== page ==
If you’ve managed to find this, you’re deep enough into the college basketball blogosphere that it’s impossible for you not to have heard about Anthony Johnson’s remarkable performance last night, in which he scored 34 points in the second half – including his team’s last 11 – to lead Montana past Weber State. Did you realize there was another auto-bid locked up last night? Quinnipiac was upset by some guy named…
Robert Morris is one of the few teams where their FTR is more correlated with their offensive efficiency than TO% or OReb% is. It’s all well and good to get to the line often, but they depend on free throws to win. In games where they took at least half as many FT’s as FG’s, they went 16-1, while in games where they shot fewer than half as many, they went 7-10. I thought there might be a cause and effect problem here, as teams that are ahead get fouled, so I looked at the same thing for team with a similar record and Pomeroy rating (Western Carolina). They were also better in the high-FTR games, but not to the same extent – 6-2 vs. 16-7. They should be hoping they don’t draw Syracuse, Kentucky, or Ohio State in the first round.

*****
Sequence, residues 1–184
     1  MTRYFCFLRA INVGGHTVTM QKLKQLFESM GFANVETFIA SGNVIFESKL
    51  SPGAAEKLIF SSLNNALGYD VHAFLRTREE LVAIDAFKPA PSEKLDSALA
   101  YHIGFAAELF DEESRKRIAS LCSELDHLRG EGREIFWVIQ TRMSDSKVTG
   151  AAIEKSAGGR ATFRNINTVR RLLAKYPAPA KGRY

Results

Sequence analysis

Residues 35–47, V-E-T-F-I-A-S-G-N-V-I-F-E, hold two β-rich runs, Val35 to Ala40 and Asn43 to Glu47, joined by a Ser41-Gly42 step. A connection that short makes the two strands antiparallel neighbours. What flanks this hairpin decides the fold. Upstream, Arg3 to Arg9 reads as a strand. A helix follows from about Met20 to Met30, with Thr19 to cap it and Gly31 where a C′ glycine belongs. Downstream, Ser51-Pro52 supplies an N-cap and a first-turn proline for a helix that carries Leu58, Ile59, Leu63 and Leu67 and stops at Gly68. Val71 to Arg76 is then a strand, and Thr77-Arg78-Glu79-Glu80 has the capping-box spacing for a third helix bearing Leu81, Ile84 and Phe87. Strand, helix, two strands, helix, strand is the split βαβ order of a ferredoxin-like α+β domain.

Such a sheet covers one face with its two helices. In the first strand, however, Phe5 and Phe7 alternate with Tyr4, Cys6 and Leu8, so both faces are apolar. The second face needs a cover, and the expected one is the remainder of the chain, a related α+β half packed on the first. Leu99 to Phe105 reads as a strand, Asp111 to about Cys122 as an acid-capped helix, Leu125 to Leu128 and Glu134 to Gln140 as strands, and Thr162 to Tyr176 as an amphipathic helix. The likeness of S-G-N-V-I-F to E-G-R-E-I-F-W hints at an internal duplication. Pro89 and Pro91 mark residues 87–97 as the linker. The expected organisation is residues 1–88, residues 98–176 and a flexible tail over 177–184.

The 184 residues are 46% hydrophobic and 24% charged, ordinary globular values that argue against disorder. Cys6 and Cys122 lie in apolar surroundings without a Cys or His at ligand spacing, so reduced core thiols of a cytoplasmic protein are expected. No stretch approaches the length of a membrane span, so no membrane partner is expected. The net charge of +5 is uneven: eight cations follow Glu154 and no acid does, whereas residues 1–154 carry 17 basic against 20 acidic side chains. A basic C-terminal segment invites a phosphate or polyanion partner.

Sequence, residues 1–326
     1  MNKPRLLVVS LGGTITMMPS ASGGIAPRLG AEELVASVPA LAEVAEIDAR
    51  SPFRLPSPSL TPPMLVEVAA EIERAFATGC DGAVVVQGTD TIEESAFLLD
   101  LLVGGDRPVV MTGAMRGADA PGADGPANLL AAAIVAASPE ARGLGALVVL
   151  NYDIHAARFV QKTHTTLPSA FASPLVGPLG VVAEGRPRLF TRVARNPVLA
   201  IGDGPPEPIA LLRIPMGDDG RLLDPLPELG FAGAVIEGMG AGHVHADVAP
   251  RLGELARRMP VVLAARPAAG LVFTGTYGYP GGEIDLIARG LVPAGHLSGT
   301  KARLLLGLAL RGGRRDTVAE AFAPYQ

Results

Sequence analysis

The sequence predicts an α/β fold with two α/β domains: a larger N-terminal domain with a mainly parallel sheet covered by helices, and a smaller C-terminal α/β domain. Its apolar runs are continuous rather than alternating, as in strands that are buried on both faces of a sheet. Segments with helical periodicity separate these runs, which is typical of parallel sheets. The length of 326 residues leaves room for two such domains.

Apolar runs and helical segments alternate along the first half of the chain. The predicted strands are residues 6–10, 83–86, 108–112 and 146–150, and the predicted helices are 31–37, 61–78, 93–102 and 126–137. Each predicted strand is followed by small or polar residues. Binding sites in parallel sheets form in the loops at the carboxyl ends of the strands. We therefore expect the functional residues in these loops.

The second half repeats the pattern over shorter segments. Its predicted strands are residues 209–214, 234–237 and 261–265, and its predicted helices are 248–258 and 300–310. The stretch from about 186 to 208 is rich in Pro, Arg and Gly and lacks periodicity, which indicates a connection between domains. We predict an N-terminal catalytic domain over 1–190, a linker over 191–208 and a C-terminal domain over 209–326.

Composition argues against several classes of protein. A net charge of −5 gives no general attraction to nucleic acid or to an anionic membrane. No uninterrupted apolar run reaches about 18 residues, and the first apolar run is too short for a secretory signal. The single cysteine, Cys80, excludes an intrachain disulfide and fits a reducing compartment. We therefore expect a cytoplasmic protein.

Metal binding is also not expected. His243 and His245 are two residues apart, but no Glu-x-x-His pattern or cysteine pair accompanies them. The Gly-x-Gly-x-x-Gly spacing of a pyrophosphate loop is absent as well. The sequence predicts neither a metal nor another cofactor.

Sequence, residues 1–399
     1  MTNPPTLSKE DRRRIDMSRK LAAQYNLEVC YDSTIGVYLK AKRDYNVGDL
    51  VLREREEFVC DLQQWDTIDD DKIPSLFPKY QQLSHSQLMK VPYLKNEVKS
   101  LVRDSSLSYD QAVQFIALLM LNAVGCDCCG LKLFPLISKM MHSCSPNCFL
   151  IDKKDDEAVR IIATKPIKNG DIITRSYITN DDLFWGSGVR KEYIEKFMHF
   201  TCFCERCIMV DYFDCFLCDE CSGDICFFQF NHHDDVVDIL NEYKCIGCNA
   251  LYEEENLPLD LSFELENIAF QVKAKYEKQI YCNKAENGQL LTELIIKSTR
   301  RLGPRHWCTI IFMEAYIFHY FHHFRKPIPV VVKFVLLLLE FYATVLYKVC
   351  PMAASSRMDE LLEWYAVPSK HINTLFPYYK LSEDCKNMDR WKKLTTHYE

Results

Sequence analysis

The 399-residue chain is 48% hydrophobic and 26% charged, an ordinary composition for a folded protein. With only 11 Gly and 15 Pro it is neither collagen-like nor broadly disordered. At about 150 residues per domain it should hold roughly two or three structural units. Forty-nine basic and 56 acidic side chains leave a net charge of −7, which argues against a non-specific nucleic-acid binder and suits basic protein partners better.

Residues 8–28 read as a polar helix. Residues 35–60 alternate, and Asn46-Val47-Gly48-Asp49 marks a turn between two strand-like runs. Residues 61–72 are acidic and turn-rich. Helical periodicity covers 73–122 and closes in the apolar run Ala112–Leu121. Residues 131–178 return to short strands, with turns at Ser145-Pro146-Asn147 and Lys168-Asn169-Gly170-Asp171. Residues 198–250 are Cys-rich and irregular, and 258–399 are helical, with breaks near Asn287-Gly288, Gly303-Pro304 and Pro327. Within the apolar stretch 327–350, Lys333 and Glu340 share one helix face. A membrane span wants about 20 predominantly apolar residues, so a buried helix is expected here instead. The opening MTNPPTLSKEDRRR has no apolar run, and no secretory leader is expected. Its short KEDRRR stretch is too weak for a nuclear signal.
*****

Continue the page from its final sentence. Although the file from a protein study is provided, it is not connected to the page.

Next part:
Wow, more free throws. They’ll be one CInderella I’ll be rooting against, just to make sure I don’t have to sit through a second agonizingly slow game, full of free throws and devoid of flow. And, Selection Committee, if you’re listening – please please please don’t give us a Villanova vs. Robert Morris game.
Derek Raivio … O.J. Mayo … Jerryd Bayless … Anthony Johnson? With the mandatory caveat that he plays in a weaker conference, Johnson’s tempo-free stat line is basically an average of the leading scorers for three of the comps above (numbers in green indicate player was in top 200 nationally):
I’m obviously not saying he’s as good as these players, but I’ll be looking forward to finding out if he’s this year’s Stephen Curry.
These are a bunch of “Mostly Man” teams, according to Pomeroy’s Defensive Fingerprint. Montana’s guards should be able to pressure the perimeter, knowing they are backed up by the unsung vice-hero of last night’s game, 6’11” Brian Qvale (6 blocks and 14 rebounds). But strangely, they allow more 3’s than average, and teams make them at a decent clip. They also allow very few assists. It’s almost like they have players defending everywhere except the guy with the ball on the perimeter.